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PotomacCyclist
05-23-2013, 07:42 PM
http://www.washingtonpost.com/business/capitalbusiness/the-business-of-bike-sharing/2013/05/19/0a343eda-7789-11e2-8f84-3e4b513b1a13_story.html

The article was also the cover story of the Post Express paper. The author covers the accomplishments and successes of Capital Bikeshare along with some of the frustrations. I only skimmed it, so I don't know how balanced or reasonable the piece is. There are comments from administrators of the CaBi system in D.C. and Arlington, at least one quote from a CaBi rebalancing van driver, and quotes from members, former members and bike store employees.

Seems like a decent article. I often use CaBi, even though I have two bikes of my own. CaBi is great for running minor errands, one-way trips and (sometimes) for commuting. However, dockblocking is an ongoing issue, especially for those who use CaBi for commuting to downtown D.C. I ran into this problem myself yesterday when I tried bike-commuting on CaBi for the first time in a couple months.

I think there is a quote about CaBi being successful but that the demand was outstripping the supply. Well, that only means one thing. We need to boost the supply! New stations are being installed this year (on a slower schedule than planned), but most of the new D.C. stations are being added to neighborhoods other than the central business district.

There are at least three ways that local jurisdictions can continue to improve CaBi service in downtown D.C. Nothing original here. Just emphasizing that CaBi can continue to get better at serving member needs downtown:

1) Add more stations or expand existing stations, in the areas around Metro Center, McPherson Square, Franklin Square and Farragut Square (Farragut North and West).

2) Expand the idea of the morning bike corral to make it a regular and ongoing feature. Perhaps a bike corral at Freedom Plaza and another at either Farragut Square or McPherson Square.

3) Expand the incentive program for people to take bikes from the downtown stations during the morning rush hour and ride them to other D.C. stations. There was a short-term contest that offered prizes for those who took the most trips out of downtown during morning rush hour. There could be an ongoing feature. Maybe something like this: Those who rent a bike from a select set of downtown D.C. stations and ride them toward stations that empty out in the mornings could receive points. There could be monthly drawings with prizes of 3 free months of CaBi membership or a 3-month extension. The prizes could be based on those with the most points that month or it could be a drawing like the NBA draft lottery, where those with the most points get a better chance of winning the prizes but they aren't guaranteed to win those prizes. There could be a quarterly drawing of a free annual membership.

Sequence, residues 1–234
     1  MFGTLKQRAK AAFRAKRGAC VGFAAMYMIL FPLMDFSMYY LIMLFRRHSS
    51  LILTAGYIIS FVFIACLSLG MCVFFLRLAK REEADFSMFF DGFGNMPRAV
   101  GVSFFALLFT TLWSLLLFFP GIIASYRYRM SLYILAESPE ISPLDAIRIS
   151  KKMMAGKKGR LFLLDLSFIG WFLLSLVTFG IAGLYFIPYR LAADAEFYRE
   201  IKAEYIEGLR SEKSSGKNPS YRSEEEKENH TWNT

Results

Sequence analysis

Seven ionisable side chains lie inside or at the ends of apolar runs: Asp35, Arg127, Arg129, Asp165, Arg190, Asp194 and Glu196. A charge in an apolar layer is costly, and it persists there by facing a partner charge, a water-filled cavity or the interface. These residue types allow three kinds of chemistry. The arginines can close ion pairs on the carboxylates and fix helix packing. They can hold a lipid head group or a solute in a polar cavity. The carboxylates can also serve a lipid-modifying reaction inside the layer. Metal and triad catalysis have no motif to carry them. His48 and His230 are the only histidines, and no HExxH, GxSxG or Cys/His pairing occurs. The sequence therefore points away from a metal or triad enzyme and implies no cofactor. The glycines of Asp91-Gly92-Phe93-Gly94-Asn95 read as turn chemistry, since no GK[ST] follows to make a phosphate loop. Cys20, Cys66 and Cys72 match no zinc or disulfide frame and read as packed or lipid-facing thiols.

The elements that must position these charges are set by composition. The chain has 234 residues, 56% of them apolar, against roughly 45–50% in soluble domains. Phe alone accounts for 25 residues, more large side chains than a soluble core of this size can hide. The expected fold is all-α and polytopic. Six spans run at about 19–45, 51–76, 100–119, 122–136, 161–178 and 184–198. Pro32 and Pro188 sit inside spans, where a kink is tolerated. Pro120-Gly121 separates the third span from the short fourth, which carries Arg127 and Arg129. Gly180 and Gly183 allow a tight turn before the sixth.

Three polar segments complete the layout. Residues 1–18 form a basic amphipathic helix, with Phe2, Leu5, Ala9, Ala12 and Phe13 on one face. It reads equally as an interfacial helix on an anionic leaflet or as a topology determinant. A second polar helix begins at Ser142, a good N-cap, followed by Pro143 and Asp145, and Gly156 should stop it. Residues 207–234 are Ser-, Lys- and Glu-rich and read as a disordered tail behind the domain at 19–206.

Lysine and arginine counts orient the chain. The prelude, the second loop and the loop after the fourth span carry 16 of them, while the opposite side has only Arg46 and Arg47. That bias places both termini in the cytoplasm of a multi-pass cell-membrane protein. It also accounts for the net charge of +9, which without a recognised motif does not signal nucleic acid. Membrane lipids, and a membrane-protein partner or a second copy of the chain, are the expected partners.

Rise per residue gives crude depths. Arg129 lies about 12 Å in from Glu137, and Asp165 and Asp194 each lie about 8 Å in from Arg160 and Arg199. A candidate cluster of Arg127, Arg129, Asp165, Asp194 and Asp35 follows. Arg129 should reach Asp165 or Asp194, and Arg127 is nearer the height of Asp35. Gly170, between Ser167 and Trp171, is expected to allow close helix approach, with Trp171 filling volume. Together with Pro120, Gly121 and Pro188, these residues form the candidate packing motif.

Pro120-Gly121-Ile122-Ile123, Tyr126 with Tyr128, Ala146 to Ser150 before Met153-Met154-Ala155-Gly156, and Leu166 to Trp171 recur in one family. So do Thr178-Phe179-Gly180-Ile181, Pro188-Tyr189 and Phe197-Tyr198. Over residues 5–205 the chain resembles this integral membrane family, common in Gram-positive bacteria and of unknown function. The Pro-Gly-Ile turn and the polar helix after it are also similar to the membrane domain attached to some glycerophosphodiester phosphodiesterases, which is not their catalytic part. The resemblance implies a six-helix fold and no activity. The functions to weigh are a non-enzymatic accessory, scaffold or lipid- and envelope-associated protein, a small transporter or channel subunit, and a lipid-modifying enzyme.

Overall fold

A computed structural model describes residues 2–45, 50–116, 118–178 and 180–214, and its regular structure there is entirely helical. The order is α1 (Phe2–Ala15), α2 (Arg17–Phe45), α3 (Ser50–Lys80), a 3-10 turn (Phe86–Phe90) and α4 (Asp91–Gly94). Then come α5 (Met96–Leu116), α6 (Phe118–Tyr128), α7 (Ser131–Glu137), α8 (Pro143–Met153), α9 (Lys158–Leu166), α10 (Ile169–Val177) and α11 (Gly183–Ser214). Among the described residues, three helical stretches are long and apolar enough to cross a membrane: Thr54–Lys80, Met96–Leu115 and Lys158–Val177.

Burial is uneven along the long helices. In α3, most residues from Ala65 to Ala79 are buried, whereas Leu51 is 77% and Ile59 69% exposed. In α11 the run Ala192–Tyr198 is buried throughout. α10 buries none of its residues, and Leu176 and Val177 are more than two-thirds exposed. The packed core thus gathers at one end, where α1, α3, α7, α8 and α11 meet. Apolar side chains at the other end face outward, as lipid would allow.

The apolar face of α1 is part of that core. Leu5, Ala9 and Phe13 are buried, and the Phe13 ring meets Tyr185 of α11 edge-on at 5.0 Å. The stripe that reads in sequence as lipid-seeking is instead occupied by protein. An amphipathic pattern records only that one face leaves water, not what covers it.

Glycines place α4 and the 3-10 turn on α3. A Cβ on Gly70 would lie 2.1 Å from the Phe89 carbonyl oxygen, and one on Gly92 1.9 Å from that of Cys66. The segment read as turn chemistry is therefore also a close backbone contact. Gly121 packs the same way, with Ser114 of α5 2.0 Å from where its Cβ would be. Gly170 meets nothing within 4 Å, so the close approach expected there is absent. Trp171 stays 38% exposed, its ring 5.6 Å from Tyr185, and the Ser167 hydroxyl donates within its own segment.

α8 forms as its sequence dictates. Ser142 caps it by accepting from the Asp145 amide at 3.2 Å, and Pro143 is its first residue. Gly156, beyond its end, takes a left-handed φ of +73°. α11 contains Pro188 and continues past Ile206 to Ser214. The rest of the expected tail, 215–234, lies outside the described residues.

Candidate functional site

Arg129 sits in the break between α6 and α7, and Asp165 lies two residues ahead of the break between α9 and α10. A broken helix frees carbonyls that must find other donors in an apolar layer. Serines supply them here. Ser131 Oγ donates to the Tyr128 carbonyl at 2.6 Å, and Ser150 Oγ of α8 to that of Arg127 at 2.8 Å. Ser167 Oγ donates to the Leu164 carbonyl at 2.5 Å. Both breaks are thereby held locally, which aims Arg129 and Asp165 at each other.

The total costs of the giveaways would be minimal while the benefits could potentially be huge, depending on how many riders are motivated to help with the dockblocking issue because of the contest. There are a lot of college students in and around D.C. Maybe some of them could be motivated by the prospect of a free CaBi membership or extension to help take bikes out of downtown in the mornings.

mstone
05-23-2013, 08:53 PM
Thinking outside the box is great, but thinking critically is still important. Somewhere between 500,000 and a million people move around every morning in the cabi service area. If guaranteeing any non-trivial fraction of those people is among the criteria for cabi's success, it's doomed to failure. None of the novel rebalancing ideas do more than change the magnitude of the failure by a tiny amount.

That said, I think the idea that cabi should be a commuting tool is mostly wrong. If you want to move a large number of people in the same direction at the same time, you build a heavy rail system. If you need slightly less capacity you build a light rail or a bus. You don't build a bunch of single passenger vehicles, have the public move them one way, then put them on a truck to take back to their origin--you'd be better off just putting the public on a bus in the first place, with less overhead. Bikeshare's strength is short errands, last mile completion, etc., throughout the day, especially for low-volume random routes (such that running mass transit on the route would be impractical). Sure it can be useful at peak times also, especially for an oddball case like "my bike is in the shop". But in no way should anyone try to bill it as a general purpose commuting system for everybody: it just can't do that thing, and it's setting the system up for failure.

PotomacCyclist
05-24-2013, 07:12 AM
But the fact remains that many local residents will be drawn to join CaBi for commuting purposes. You can't ignore that, whether or not the system is advertised as such. CaBi clearly recognizes this because of their efforts to minimize the dockblocking problem downtown. If they don't continue to work at it, enthusiasm for the system can stagnant among local residents. I'm not saying that this is the only vital issue for CaBi as it continues to grow in popularity and coverage. But it's something they should continue to keep in mind and address.

As far as the 500,000 number, where are you getting that? 500,000 people are not using or attempting to use CaBi to commute downtown. Most people take non-active modes of transportation such as Metro, driving or buses. Some walk. Some ride their own bikes. CaBi certainly does not need to handle 500,000 bike commuters each morning. Not even close.

And who said anything about guaranteeing any specific service? They can simply work on improving the morning service. Just because you can't do something perfectly doesn't mean it shouldn't be done at all. They have already tried the methods I suggested, but in a half-hearted manner (except for the station additions). One method does not need to solve the problem by itself. If it costs relatively little money, then why not do it? It would not be tied to any sort of service guarantee. I don't understand that thinking.